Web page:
Russia to defend its principal Middle East ally: Moscow takes Syria under its protection

The following report was published in the Russian daily Kommerzant in early June. It points to Russian military presence in the Eastern Mediterranean as well as support in the modernization of Syria’s air defense system, the modernization of Syrian tanks and ground forces. The question is whether in the current context, this military build-up of Syrian capabilities, supported by Russia, will act as a deterrent to an attack on Syria by Israel. 

Global Research, 28 July 2006

According to our sources, Russia is deepening the port of Tartus ( Syria) where it has a naval materiel and technical supplies center. This may be regarded as evidence of Russia’s determination to make Syria a bridgehead for boosting its influence with Middle East.

Russia has had a naval materiel and technical supplies center in Tartus since the 1970s. Vladimir Zimin, advisor on the staff of the Russian Embassy in Syria, says that the port is being made deeper at present. Similar work is under way in the port of Latakia. All this may be regarded as evidence of Russia’s determination to make Syria a bridgehead for boosting its influence with Middle East. The materiel and technical supplies center may eventually gain the status of a base of the Black Sea Fleet.

Defense Ministry sources, speaking anonymously, hint that Moscow has some far-reaching plans indeed. A group of ships under the missile cruiser Moskva (Black Sea Fleet flagship) is to be formed within the next three years. The group will be stationed in the Mediterranean Sea on the permanent basis. Among other tasks, it will participate in counter-terrorism operation Active Endeavor with NATO forces. Hence the necessity to make the Tartus and Latakia facilities ready for the Russian surface warships – ships of the Black Sea Fleet and eventually the Northern Fleet as well. (The latter will be used to reinforce the Russian Mediterranean naval group whenever necessary.)

But a source in the Naval Main Command said that establishment of a fully-fledged base in Tartus could help Russia with warships and tenders withdrawn from Sevastopol in the Crimea. In fact, once the bottom of the Tartus port is deepened, the port will be able to receive all ships of the Black Sea Fleet without exception.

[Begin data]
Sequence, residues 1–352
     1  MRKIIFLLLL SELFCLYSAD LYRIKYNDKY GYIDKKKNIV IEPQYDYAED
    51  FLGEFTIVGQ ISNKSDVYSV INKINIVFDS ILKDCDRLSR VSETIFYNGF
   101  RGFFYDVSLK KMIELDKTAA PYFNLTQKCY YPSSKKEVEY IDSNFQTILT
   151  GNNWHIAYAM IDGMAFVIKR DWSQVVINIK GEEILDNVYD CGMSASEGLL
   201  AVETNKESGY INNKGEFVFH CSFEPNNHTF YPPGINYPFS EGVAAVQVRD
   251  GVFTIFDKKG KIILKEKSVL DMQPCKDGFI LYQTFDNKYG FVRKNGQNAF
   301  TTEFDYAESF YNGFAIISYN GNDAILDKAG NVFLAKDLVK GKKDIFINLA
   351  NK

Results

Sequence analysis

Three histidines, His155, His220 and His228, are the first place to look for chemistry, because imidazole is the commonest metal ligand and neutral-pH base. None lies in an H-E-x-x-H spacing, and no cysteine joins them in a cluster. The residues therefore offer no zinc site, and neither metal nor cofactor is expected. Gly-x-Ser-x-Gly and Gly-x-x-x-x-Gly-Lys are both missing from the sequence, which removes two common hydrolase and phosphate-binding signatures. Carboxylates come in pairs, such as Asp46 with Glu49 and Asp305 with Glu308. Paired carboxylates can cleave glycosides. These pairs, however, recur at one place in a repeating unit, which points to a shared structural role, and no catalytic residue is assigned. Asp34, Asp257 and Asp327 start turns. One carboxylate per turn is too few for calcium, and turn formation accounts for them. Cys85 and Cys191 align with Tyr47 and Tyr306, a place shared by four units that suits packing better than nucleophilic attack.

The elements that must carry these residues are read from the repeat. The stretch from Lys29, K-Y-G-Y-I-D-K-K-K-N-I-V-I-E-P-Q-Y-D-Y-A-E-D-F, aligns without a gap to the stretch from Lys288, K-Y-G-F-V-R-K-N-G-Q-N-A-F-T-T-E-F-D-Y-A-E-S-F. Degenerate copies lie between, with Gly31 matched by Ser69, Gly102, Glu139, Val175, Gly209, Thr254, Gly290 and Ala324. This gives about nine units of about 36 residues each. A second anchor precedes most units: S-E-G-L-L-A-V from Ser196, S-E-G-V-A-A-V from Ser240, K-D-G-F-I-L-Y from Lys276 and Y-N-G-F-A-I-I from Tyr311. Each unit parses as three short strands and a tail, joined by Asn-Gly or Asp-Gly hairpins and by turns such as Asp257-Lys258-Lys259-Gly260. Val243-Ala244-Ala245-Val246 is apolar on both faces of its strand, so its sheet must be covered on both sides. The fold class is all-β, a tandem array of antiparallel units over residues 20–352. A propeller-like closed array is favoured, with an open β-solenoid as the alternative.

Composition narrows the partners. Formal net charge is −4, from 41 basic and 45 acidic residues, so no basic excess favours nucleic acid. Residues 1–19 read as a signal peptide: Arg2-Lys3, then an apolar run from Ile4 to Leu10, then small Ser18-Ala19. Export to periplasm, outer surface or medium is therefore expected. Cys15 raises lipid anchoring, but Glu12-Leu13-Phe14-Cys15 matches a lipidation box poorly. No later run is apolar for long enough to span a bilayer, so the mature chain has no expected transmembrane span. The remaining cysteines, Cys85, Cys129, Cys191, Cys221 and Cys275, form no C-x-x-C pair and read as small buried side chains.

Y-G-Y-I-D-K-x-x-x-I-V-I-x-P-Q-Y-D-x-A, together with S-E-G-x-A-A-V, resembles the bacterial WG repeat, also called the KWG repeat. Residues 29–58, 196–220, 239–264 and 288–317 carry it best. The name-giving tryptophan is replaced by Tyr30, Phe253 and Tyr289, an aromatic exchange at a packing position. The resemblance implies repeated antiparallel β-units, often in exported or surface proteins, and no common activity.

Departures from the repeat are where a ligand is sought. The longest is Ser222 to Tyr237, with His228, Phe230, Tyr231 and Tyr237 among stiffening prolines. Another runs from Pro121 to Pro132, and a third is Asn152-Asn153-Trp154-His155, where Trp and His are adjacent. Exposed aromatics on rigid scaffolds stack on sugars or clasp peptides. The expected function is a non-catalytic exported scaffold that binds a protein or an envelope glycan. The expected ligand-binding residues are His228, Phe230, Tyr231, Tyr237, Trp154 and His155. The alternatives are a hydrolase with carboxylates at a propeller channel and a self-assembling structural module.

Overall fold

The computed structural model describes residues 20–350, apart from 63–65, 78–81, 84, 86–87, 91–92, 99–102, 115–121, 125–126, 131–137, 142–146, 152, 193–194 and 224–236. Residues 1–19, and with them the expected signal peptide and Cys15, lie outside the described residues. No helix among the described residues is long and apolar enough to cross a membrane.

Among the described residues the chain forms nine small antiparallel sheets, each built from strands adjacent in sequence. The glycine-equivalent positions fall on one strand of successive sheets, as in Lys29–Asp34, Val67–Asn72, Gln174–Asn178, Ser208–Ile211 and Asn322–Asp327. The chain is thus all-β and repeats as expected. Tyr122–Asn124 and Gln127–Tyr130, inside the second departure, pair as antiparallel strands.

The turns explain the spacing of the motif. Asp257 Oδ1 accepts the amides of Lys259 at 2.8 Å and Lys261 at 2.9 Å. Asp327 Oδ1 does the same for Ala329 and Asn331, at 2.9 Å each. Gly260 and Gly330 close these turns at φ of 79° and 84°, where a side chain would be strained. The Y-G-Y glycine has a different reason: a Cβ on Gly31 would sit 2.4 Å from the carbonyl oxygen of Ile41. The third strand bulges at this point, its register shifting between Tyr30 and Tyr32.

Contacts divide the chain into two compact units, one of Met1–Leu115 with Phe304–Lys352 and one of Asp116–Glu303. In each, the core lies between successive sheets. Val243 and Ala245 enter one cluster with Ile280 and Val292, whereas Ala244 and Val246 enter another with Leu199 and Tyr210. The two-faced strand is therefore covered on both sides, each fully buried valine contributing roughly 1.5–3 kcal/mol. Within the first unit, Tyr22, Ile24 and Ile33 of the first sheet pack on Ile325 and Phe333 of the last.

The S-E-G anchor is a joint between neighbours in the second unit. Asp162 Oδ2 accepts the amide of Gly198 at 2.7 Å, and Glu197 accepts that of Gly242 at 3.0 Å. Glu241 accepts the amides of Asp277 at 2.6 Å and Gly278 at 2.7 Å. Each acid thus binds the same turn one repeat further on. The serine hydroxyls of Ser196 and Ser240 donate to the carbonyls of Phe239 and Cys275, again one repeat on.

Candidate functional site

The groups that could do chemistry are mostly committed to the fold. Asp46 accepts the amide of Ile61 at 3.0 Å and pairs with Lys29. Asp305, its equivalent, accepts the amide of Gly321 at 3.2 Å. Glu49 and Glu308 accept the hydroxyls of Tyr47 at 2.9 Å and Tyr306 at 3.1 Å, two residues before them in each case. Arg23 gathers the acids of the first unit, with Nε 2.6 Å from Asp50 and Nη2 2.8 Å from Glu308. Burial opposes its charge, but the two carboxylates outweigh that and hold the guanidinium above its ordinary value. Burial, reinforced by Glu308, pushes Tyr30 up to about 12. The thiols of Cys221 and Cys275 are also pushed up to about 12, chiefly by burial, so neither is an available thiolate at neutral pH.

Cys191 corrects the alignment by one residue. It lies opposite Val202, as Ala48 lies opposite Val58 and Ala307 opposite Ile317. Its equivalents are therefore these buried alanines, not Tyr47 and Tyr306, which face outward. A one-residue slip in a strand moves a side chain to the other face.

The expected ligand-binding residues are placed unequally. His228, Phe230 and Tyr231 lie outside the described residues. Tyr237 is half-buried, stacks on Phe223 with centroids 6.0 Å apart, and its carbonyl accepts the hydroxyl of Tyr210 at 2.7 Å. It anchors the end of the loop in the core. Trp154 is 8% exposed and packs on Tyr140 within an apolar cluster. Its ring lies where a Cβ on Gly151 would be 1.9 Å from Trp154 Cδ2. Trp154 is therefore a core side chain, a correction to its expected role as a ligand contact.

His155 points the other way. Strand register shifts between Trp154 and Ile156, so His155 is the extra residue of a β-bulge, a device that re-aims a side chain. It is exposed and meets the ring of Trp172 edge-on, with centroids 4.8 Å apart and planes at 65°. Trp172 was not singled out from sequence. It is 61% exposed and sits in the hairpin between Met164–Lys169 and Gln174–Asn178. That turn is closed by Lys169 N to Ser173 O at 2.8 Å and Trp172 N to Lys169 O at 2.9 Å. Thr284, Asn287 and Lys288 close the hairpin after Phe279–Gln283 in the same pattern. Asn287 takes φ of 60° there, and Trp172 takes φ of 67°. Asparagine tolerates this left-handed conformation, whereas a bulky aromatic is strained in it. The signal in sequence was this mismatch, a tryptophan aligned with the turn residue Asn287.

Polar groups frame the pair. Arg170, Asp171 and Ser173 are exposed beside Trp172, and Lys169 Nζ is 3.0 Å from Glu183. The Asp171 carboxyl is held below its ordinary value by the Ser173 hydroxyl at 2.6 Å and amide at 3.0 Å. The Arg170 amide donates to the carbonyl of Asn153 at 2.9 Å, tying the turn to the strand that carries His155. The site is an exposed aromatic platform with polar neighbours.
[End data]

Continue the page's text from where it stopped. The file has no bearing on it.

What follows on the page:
Defense Ministry sources point out that a naval base in Tartus will enable Russia to solidify its positions in the Middle East and ensure security of Syria. Moscow intends to deploy an air defense system around the base – to provide air cover for the base itself and a substantial part of Syrian territory. (S-300PMU-2 Favorit systems will not be turned over to the Syrians. They will be manned and serviced by Russian personnel.)

According to our sources, Russia and Damascus reached an agreement on modernizing Syria’s air defenses. Its medium-range S-125 air defense systems will be upgraded to the Pechora-2A level. The upgrade will certainly improve Syrian air defense, which uses hardware supplied to Syria back in the 1980s. Moscow is prepared to offer Syria more sophisticated medium-range Buk-M1s as well. Close-range Strelets systems sold to Damascus last year are all the Syrian air defense system has to show by way of sophisticated gear at this point (these systems use Igla SAMs).

Syria wants more than that. A contract for modernization of 1,000 T-72 tanks was drawn and signed. Yesterday, Arms-TASS news agency reported successful tests of T-90C tanks “in a certain Middle East country” and Rosoboroneksport’s negotiations over their sale. Other Russian-Syrian arms talks under way concern two Amurs (Project 1650 diesel submarines), some SU-30MKI fighters along with YAK-130s, and modernization of MIG-29 frontal fighters. Damascus also aspires for a consignment of the latest Pantsir-C1 air defense systems designed in Tula.

Establishment of a base in Tartus and rapid advancement of military technology cooperation with Damascus make Syria Russia’s instrumental bridgehead and bulwark in the Middle East. Damascus is an important ally of Iran and irreconcilable enemy of Israel. It goes without saying that appearance of the Russian military base in the region will certainly introduce corrections into the existing correlation of forces. Russia is taking the Syrian regime under its protection. It will almost certainly sour Moscow’s relations with Israel. It may even encourage the Iranian regime nearby and make it even less tractable in the nuclear program talks.

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Articles by: Ivan Safronov

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